What Not to Move

Business critical applications should certainly not be among the first to transition to a new environment. Nor should any applications where performance is touchy, or that require intensive number crunching. Any system with a high level of complexity and tight integration with multiple apps should also probably wait until the organization has more cloud experience.

What Should be Moved

Non-critical systems are a good first step, including departmental applications where a smaller number of people will be affected by growing pains. Email servers and other well-established and easy to maintain apps are also likely candidates.

Other Considerations

Before making the jump into the cloud, it’s important to consider a few other details:

  • What are the company’s requirements for a service level agreement (SLA)?
  • Is a service provider able to provide the required level of security with the type of cloud model that fits the business’s other needs?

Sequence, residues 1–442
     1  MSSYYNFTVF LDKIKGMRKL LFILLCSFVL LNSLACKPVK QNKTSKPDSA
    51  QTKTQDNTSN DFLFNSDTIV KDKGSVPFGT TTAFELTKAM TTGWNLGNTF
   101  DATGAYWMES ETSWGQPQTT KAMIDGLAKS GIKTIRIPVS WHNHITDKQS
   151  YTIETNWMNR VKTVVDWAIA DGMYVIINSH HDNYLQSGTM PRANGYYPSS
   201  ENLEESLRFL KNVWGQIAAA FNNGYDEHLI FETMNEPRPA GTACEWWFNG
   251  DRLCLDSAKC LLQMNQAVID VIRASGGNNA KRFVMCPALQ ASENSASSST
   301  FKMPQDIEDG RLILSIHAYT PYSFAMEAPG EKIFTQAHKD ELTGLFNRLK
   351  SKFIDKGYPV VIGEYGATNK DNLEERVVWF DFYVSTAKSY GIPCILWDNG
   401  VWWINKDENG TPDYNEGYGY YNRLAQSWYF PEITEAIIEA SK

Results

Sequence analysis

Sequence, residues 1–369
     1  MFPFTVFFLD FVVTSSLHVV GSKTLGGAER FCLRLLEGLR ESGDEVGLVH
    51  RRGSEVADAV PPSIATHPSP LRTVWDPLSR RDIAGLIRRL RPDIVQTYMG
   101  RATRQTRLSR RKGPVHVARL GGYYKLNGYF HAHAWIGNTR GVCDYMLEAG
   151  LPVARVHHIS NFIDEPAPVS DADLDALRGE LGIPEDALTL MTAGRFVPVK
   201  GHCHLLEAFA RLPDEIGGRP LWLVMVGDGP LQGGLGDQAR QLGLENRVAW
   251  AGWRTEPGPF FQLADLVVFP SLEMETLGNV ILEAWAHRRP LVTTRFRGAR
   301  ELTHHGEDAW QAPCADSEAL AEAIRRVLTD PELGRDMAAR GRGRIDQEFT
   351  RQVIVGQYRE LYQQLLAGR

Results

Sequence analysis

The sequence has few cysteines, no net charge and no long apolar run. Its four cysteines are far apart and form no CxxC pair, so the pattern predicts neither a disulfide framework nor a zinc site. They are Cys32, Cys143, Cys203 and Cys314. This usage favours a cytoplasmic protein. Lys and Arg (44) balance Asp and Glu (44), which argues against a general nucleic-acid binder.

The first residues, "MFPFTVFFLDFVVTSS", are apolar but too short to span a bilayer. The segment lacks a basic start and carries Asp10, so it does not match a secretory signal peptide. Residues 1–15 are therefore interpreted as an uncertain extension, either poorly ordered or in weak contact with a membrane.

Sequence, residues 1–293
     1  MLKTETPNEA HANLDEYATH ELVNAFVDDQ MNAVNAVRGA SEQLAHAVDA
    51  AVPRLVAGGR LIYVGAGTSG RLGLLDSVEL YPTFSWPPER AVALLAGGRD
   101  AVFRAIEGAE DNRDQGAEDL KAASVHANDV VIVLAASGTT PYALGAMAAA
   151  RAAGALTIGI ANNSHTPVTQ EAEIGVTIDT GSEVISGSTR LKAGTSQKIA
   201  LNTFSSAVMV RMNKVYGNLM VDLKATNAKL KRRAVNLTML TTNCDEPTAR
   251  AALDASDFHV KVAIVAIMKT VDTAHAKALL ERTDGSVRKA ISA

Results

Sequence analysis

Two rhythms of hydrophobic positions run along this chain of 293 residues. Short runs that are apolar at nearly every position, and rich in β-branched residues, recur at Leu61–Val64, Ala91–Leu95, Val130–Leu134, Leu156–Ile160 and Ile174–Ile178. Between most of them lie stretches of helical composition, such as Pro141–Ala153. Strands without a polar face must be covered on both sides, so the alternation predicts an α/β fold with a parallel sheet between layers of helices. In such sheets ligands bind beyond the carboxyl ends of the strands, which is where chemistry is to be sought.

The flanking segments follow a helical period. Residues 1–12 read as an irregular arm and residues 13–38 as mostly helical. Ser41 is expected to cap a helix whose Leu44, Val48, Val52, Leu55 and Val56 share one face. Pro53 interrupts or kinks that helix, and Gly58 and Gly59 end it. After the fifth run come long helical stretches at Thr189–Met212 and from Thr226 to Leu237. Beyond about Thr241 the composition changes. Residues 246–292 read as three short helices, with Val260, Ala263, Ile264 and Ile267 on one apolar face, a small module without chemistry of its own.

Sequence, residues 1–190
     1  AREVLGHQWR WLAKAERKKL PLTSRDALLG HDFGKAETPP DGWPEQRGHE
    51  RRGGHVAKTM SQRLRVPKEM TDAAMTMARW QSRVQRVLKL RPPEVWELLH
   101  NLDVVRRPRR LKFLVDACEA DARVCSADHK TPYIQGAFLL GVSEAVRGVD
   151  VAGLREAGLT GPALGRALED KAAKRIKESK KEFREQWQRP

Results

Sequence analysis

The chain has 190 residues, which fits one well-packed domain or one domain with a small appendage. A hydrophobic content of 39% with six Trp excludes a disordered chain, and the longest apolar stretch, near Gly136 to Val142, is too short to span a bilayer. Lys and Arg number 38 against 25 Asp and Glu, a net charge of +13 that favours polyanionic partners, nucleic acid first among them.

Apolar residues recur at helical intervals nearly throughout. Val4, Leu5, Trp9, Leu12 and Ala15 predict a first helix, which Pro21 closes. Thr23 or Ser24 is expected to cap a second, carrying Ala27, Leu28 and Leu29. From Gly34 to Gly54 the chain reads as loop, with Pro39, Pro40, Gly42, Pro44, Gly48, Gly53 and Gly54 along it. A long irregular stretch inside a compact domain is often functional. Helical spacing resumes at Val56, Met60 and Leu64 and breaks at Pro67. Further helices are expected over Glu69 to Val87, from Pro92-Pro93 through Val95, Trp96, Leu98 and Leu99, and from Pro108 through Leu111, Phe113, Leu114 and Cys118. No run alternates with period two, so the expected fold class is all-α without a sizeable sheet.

• Do any of the apps that will be hosted in the cloud have special requirements?

The cloud isn’t more difficult to understand than on-site resources; it’s the same, only different. The differences can, however, complicate individual situations and turn wrong decisions into costly mistakes. Contact us for help simplifying the complicated.

 

PaaS: It’s All About Applications

shutterstock_86924866When the subject is Platform-as-a-Service (PaaS), everyone from industry experts to enterprise customers has their own take – what PaaS is, what it should be. In spite of the terms and definitions bestowed, it all boils down to what PaaS does and does well – applications.

Enabling applications is at the heart and soul of PaaS, it’s also what enterprises value most from the technology. For enterprises, PaaS is the key to accelerating application development, bringing related products and services to market faster.

A Better Way to Enable Applications

For those in search of a better way to develop applications, PaaS offers an avenue of opportunity. However, PaaS is but a fundamental part of a larger process designed to make companies more agile and better prepared to tackle challenges. The “third platform,” as it is called, combines the cloud, mobile, social, and “Big Data” to help companies achieve technical innovation and flexibility.